Our opinion: Public investment needs due diligence

Posted
Last week, Reformer readers learned that Thomas Moffitt, the co-founder and former president of Commonwealth Dairy, is among the principals of Culture Made Vermont LLC's $32.5 million proposal for a value-added dairy product plant in the vacant L3 KEO building in the Exit One Industrial Park. The facility is expected to create 46 jobs over the next two years

Moffit's involvement seems to be a positive harbinger for taxpayers. Since the town intends to fund $840,000 in sewer connections for the venture, and since the town is backing a $1 million grant application on behalf of the initiative, there's some measure of reassurance in knowing an experienced hand with a record of past success in the dairy industry, and familiarity with our community, is involved.

"We would be supportive even if it were strangers who were putting together a project to bring nearly $30 million of private investment and dozens of high quality jobs to Brattleboro, but we are especially enthusiastic about this project because it is being led by Tom Moffit," Brattleboro Town Manager Peter Elwell told the Reformer.

But there's a lot that's still not known about the project. We're still lacking some basic information, such as what product they plan to make, who's investing, and the nature of their business plan.

We do know, through Assistant Town Manager Patrick Moreland, that $28.5 million of the $32.5 million project cost "will come from private investment capital here in Brattleboro."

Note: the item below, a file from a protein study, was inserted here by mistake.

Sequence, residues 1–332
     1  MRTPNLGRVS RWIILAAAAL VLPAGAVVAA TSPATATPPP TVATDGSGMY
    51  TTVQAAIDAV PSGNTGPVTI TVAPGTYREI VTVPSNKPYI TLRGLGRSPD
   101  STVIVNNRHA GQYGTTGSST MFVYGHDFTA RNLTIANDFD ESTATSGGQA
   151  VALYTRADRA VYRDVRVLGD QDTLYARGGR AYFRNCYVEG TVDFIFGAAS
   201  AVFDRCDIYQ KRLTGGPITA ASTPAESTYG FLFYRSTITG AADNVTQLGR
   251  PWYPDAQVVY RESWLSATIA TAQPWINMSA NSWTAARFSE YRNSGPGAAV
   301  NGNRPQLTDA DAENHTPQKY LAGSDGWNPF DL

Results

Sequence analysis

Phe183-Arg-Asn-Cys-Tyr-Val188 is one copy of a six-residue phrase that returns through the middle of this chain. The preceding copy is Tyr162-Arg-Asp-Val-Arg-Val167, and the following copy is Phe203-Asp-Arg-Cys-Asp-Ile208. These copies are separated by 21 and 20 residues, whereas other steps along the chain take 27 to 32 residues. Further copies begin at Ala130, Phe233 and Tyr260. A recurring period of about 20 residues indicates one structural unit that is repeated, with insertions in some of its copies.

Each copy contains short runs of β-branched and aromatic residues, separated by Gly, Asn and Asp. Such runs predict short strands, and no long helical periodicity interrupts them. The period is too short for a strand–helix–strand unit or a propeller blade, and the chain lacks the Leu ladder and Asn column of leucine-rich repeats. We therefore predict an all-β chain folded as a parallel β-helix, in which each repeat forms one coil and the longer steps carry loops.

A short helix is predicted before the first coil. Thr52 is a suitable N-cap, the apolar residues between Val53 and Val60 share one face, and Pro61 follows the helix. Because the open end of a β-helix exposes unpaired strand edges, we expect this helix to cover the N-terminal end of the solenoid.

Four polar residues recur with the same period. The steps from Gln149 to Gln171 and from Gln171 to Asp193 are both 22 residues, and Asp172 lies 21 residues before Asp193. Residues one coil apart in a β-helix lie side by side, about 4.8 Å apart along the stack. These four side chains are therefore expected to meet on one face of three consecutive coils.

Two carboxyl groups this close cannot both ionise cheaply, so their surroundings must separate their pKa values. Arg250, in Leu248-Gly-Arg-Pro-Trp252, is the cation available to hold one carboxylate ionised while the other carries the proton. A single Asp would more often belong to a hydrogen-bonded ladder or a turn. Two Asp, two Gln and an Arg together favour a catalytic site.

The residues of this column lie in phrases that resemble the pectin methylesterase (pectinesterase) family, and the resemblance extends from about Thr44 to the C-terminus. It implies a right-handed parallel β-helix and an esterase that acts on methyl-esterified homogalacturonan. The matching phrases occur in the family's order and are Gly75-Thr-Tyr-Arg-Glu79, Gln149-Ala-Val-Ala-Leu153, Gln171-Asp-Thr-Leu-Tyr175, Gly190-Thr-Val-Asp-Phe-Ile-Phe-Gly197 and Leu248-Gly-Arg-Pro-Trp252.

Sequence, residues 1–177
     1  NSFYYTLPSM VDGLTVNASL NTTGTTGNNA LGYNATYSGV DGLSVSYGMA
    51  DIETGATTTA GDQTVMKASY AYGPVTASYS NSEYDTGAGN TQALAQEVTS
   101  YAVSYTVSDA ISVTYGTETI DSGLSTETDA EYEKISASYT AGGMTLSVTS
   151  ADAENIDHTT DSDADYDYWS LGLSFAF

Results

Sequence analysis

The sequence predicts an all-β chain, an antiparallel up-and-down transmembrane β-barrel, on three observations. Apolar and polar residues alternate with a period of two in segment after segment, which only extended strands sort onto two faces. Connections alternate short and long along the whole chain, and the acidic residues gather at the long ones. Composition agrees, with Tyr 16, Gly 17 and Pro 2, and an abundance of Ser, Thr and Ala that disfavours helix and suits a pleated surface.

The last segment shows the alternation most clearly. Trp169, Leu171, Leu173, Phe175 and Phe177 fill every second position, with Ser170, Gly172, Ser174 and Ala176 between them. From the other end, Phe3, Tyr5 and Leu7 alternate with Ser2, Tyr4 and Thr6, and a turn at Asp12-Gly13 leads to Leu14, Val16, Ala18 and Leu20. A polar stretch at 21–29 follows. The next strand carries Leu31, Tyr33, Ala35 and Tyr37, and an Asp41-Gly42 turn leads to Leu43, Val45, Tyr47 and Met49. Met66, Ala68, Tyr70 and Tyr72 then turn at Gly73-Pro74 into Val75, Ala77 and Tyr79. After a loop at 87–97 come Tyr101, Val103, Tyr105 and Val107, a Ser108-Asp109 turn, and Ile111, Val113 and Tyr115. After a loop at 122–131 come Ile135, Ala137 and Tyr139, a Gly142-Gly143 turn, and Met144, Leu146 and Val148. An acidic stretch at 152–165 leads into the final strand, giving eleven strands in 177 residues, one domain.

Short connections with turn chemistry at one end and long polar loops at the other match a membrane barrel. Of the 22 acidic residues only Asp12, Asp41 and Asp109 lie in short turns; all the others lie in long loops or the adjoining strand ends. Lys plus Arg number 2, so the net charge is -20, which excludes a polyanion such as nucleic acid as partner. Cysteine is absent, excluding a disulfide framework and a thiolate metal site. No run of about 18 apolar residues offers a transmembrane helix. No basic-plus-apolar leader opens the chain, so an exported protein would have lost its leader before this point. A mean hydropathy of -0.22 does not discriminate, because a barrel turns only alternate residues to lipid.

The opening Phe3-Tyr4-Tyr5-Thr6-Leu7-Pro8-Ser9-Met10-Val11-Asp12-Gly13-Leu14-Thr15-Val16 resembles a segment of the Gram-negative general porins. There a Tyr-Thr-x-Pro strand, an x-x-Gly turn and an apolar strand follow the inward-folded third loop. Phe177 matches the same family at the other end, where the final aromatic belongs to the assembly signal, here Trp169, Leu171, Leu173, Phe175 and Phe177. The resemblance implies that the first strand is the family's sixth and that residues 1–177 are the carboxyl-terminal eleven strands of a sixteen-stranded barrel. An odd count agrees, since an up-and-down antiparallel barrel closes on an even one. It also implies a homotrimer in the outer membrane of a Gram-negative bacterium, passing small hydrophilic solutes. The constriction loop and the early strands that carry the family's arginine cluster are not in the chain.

Does anyone know anyone — individuals or corporations — with that kind of money?

Kate O'Connor, the chairwoman of the Brattleboro Select Board, told the Reformer last week that the board will not be committing money to the project until the principals are identified. We are glad to hear that and take her at her word.

And we do understand the possible reasons why the principals are keeping their cards close to the vest. Government conducts its affairs in public, because transparency and public investment demands accountability. Businesses, however, often face direct competitors who aren't above stealing ideas, or rushing a product to market so they can beat their rivals to the punch. Any number of variables from Acquisition to Zoning can unravel the best-laid plans. So there are 28,500,000 reasons for investors in Culture Made Vermont to be careful.

But there's no getting around this: The public is a co-investor in this project. Brattleboro will be fronting the $840,000 for sewer upgrades, with the expectation of recouping the cost from Culture Made Vermont through user fees. That is not $28.5 million, but nor is it an insignificant sum.

So "who's behind Culture Made Vermont" is more than a fun parlor game. It's an important piece of due diligence for taxpayers.

You wouldn't buy a car without giving it a test drive and looking under the hood. Lenders will not let you borrow money to buy a house or a condo without conducting a home inspection. And the taxpayers should not plunk down $840,000 on a sewer connection at 343 John Seitz Dr. until they know some important details.

We look forward to learning more.

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